Editorial: What does diversity look like? It’s a personal thing

A recent study on ticketing patterns in Cleveland Heights conducted by the Cleveland State University (CSU) Division of Diversity, Inclusion, and University Engagement raised an issue of racial demographic terminology that has been much discussed and debated over the last decade: the neologism “Latinx”.

As a Mexican-American woman with ancestors in two Native American tribes, I find the term Latinx to be provocative. I would not choose to use it to describe myself, as it is my feeling that the breadth of cultural, linguistic, and geographical inclusion that it represents diffuses racial identity into an easily digestible category that includes all but defines little. 

Initially, Latinx was used to represent non-gender Hispanics and Latins. Over time, this term has come to be accepted in the academic sector, which explains its use by CSU. But, according to Pew Research Center, just 3% of Hispanics and Latino/as polled use Latinx as a means of self-identification. 

Latinx encourages the ongoing effort to sustain, celebrate, and link our cultural and personal identity, and that is to be commended. But is it possible that such a broad latitude of inclusion might suggest a diminishment of the cultural specificity that leads to the strong sense of self-identification desired among members of our community?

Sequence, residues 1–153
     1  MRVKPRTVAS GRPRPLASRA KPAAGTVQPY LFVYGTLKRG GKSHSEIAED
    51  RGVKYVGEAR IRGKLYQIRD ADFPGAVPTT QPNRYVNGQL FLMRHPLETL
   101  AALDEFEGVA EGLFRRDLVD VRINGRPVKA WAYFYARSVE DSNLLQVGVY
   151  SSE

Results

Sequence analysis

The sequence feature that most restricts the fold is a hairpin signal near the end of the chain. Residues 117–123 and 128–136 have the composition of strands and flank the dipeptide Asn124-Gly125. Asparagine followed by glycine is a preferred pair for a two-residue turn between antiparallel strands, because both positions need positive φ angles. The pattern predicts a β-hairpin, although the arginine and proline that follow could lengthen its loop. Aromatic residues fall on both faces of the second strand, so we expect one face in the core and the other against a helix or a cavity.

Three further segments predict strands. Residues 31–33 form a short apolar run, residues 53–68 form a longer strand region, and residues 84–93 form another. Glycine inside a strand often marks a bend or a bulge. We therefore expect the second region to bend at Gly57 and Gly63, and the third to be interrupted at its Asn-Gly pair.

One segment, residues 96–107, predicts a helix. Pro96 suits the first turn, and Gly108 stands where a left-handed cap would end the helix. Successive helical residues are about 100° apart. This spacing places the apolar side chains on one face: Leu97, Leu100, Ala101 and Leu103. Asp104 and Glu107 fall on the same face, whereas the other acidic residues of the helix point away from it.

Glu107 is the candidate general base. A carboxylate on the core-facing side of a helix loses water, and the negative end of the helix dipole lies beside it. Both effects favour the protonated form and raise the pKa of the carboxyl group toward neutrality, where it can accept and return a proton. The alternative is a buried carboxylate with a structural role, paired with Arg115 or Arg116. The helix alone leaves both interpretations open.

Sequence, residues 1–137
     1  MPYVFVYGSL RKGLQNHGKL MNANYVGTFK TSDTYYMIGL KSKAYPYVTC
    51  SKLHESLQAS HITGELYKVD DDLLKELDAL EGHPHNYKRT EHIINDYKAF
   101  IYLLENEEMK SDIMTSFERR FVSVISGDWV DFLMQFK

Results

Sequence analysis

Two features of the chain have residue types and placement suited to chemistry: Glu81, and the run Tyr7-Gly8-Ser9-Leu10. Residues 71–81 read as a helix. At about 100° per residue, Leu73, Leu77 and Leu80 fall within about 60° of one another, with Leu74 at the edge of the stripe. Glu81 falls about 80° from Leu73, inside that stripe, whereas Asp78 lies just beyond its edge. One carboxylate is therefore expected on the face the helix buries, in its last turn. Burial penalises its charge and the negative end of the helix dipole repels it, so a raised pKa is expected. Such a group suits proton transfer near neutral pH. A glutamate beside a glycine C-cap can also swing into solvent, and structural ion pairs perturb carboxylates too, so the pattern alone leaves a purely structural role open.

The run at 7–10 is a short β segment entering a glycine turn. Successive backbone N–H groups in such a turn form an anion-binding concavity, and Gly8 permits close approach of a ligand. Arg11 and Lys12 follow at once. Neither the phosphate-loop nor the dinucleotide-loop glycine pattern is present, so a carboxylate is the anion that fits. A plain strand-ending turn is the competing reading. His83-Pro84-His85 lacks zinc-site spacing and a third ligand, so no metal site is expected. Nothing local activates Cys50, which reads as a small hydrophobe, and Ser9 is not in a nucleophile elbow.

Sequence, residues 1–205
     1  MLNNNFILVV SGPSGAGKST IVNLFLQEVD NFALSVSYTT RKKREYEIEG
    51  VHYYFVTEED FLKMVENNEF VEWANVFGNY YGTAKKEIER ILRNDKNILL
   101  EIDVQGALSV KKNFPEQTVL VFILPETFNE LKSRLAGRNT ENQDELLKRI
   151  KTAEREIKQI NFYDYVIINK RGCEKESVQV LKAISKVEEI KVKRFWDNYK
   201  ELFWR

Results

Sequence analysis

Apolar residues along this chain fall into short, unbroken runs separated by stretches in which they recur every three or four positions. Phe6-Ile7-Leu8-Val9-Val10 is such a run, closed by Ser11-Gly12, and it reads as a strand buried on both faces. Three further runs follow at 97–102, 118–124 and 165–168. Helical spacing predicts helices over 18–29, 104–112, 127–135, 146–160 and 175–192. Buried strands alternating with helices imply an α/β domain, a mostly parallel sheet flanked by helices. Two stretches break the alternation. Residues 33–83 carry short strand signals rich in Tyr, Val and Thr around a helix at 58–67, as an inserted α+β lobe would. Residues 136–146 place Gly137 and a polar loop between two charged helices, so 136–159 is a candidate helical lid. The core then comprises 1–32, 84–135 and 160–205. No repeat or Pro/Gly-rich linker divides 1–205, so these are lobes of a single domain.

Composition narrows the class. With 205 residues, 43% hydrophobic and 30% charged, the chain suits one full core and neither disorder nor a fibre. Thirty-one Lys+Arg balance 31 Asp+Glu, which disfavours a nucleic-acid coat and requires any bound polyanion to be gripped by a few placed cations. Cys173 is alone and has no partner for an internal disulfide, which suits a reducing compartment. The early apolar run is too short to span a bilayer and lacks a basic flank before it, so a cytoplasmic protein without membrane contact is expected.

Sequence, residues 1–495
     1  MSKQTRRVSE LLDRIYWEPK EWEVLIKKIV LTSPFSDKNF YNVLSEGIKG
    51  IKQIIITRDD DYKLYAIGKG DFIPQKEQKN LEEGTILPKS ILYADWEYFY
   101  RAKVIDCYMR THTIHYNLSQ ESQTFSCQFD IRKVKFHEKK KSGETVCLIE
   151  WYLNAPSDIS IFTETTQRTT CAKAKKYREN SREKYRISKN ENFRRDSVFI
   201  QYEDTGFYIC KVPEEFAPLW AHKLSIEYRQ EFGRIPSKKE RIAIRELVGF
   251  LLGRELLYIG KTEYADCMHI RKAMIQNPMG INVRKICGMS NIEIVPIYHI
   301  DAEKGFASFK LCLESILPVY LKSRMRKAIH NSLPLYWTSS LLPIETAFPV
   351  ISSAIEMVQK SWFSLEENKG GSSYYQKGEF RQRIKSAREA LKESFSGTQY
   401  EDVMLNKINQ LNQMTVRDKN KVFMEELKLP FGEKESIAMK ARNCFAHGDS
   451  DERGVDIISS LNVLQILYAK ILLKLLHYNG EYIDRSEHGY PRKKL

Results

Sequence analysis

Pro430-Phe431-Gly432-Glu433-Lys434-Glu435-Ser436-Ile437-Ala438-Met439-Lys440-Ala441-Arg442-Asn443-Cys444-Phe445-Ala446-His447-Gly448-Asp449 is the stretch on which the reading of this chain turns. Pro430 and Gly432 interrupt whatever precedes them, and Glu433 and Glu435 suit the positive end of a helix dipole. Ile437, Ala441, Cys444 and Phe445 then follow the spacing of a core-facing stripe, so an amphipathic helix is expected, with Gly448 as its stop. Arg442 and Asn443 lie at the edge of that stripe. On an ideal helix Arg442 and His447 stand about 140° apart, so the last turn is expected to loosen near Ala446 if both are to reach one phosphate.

At the end of the day, the people represented by a term as broad as Latinx do not so neatly align under one singular identifying category, and using it could be considered dangerously facile. For an institute of higher education like CSU to use this term suggests adoption of a neologism that encourages cultural diffusion and therefore damages cultural wealth in our community.

Many of us include our country of ancestral origin, our native language, and other cultural components when we describe ourselves in comparison to other Americans. This enables us to self-identify as members of a cultural group and also provides us with a means of keeping the uniqueness of our cultures alive. In sustaining the vibrancy of our origins and languages, we find meaning while contributing to a culturally wealthy America. 

Danielle Dronet is a Mexican-American, Latina and Hispanic—not Latinx—Cleveland Heights resident. She operates a private practice on the East Side, and she is both the founder of CAMHP Foundation and a 2022 candidate for the Ohio House of Representatives District 9 seat.
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